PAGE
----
One recent product from WD, its Purple SSD, is specifically aimed at this AI-enhanced surveillance which is “purpose-built for the complex and dynamic data demands of modern surveillance cameras and edge systems,” said WD. Meanwhile, Seagate’s SkyHawk AI is billed as the world’s first, purpose-built drive for AI-enabled surveillance solutions.

These follow on from Intel’s security camera hardware for “crowd density monitoring, stereoscopic vision, facial recognition, people counting,” and “behaviour analysis.”

It’s a fast-moving sector, and one in which Hammer, as a leading distributor of such surveillance systems, is well-placed to offer advice and insight helping resellers to meet their own customers’ specific needs. 

 

-June 2018

The ups and downs of drive production

Fast-growing demand from the big data-hungry businesses such as Google, Amazon and Facebook could be having a knock-on effect on HDD prices.

It comes down to basic supply and demand; if the demand grows faster than the supply (which it is), prices are set to rise.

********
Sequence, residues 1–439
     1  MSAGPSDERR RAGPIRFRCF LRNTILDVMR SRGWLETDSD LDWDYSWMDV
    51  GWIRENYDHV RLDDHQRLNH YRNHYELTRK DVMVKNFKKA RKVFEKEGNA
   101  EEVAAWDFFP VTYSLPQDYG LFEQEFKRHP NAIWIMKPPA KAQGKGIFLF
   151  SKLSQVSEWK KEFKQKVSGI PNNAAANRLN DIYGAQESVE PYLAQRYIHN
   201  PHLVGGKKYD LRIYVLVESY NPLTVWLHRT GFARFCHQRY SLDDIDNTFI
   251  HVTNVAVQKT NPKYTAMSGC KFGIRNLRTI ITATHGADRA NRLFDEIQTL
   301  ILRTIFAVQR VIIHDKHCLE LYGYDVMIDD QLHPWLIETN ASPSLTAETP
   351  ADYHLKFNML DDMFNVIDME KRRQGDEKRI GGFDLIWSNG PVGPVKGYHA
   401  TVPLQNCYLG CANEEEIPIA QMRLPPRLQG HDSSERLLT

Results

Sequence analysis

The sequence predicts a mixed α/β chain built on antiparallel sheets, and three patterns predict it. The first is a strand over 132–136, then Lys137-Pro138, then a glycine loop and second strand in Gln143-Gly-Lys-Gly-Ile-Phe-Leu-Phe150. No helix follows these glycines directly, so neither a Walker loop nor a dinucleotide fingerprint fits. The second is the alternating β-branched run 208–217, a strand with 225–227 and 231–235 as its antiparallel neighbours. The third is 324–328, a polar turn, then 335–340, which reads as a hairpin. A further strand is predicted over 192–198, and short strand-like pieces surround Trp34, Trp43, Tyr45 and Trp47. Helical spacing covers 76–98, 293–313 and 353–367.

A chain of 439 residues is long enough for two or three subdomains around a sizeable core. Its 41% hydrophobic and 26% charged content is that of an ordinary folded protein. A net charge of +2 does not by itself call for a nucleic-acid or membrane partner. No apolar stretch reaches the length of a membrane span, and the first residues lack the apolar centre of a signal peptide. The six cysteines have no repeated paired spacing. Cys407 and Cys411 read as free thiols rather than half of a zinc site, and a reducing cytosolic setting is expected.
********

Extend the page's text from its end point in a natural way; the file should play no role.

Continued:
But what’s behind the lag from disk producers in meeting the unrelenting thirst for data storage media?

It all boils down to one vital component. While most of the parts needed to produce disks are in good supply, ceramic capacitors (in which ceramic material acts as the dielectric) – are not. Analysts say the situation shows no signs of improving any time soon.

HDDs that are being made are quickly snapped up. With the big players mopping up supply, the resulting shortfall is affecting smaller businesses in particular. But across the board, it may well result in prices starting to rise. ‘May’ and ‘starting’ are key words here; “The good news is that prices currently are holding steady,” said Adam Blackwell, Hammer’s Business Unit Manager for HDD & SSD.